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This article was published at Footprint.

New laws are being designed to accelerate the growth of novel foods, including algae, insects and cultured meat, but will Brexit put the brakes on things?

Novelty can contribute substantially to the success of a restaurant or catering company, offering customers something new and competitors something to think

Photo of Katia Merten-Lentz

Cannabidiol (‘CBD’) has burst onto the world stage in recent years, and the EU is no exception, with shops selling CBD products opening up in various countries across Europe. While CBD can be incorporated into cosmetics and used for medical uses, it is quickly gaining traction in the food and drink market, with CBD found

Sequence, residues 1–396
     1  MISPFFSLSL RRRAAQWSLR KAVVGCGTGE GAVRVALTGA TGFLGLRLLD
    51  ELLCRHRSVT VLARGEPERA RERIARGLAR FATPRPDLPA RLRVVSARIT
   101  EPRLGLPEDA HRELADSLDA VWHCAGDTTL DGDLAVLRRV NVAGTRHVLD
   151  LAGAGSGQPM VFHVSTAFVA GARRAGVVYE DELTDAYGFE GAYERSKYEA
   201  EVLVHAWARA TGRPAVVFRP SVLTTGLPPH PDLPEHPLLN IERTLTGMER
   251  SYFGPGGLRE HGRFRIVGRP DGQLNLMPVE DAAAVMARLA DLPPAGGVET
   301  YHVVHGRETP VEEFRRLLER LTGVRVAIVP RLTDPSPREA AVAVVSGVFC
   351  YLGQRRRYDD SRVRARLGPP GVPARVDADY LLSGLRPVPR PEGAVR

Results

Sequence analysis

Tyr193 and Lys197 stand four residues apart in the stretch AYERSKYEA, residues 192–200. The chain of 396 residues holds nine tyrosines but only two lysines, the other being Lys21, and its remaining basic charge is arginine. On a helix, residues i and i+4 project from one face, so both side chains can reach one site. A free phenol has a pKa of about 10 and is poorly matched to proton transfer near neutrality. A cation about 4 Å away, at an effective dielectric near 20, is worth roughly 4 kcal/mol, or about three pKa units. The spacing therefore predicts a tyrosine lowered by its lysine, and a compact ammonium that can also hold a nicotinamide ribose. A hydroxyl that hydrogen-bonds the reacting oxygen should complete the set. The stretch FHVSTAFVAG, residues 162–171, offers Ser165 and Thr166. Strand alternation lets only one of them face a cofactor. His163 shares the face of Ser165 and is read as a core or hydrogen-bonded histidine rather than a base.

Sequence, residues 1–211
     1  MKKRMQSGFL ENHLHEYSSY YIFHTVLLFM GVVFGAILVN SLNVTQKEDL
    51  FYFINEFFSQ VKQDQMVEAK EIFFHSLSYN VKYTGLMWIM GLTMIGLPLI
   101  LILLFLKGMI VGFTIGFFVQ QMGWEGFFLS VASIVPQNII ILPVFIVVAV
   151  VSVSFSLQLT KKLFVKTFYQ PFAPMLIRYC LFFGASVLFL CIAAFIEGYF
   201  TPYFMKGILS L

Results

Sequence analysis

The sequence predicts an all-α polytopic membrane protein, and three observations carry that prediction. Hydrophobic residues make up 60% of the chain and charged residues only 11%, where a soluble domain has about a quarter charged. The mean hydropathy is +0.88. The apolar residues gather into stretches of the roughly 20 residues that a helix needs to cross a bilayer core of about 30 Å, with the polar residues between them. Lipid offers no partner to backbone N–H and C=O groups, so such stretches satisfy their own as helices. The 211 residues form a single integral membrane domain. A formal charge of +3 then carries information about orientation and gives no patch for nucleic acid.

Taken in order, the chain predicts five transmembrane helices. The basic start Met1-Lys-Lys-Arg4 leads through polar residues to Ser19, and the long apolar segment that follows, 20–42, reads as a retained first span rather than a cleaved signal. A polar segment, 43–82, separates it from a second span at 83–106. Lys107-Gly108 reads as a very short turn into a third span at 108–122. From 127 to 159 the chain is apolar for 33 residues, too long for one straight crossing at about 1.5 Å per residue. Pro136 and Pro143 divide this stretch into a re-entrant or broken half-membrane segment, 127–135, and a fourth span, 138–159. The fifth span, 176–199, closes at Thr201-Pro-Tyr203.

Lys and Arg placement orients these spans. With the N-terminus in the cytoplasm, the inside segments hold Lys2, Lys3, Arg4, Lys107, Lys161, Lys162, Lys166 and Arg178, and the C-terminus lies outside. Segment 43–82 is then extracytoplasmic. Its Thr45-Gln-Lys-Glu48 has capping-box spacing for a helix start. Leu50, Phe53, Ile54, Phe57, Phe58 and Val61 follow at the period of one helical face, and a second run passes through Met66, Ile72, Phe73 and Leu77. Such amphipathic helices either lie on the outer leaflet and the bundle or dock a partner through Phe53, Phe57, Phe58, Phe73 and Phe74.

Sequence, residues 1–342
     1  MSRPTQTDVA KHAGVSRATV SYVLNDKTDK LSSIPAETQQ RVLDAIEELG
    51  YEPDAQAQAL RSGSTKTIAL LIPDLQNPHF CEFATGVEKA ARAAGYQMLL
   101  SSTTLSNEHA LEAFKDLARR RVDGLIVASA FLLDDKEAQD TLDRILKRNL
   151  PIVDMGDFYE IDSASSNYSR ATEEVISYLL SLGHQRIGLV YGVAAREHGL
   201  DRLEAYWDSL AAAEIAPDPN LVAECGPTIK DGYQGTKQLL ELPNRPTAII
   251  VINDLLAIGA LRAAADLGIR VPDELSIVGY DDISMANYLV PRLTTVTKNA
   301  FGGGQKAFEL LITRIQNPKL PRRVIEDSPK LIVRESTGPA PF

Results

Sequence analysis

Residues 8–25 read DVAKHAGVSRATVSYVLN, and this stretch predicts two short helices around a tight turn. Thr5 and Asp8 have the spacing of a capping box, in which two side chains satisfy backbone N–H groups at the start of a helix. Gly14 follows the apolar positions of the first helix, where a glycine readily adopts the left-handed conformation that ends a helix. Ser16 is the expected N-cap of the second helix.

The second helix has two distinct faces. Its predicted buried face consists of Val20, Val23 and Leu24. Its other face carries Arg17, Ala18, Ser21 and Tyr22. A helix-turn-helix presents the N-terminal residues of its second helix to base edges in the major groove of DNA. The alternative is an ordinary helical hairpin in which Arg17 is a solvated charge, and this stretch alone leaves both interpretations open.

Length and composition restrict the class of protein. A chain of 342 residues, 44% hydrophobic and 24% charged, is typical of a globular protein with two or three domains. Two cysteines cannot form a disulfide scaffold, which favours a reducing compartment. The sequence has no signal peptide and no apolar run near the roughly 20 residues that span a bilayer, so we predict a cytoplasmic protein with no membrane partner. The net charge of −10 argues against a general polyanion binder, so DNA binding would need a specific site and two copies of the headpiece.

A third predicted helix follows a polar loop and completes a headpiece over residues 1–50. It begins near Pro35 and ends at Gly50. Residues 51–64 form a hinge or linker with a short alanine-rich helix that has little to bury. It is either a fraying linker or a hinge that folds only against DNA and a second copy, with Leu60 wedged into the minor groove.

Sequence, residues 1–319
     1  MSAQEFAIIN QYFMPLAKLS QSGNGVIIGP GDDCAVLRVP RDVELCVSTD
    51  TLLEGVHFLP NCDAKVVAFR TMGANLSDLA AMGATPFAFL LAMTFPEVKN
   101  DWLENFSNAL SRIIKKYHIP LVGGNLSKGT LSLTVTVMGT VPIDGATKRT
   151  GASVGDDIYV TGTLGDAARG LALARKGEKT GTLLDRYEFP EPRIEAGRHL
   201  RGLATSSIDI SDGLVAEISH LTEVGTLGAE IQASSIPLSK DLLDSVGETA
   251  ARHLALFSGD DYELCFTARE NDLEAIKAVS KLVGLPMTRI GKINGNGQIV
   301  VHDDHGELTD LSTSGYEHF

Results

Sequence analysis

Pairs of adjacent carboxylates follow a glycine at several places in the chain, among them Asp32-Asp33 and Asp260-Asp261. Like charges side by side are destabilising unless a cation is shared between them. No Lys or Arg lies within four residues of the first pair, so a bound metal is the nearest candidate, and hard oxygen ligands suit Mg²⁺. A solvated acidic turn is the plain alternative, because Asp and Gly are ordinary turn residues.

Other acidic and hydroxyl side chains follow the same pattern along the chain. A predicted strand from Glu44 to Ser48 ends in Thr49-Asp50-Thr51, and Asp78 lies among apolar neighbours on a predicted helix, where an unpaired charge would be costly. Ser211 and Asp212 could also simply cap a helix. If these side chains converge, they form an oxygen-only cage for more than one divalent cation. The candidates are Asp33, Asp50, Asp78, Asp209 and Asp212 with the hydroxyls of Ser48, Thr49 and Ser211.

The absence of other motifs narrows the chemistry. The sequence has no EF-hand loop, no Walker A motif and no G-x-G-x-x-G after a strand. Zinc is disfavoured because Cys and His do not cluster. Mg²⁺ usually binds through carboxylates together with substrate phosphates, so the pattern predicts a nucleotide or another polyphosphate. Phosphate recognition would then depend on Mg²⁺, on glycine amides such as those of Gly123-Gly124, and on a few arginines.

Photo of Katia Merten-Lentz

Edible insect legislation

Traditional sources of protein are sometimes controversial for a number of reasons; therefore, in recent years insects have been touted as a potential replacement to meat products. The human consumption of crickets and other insects was last clarified in late 2015, when the European rules on novel foods were updated. In the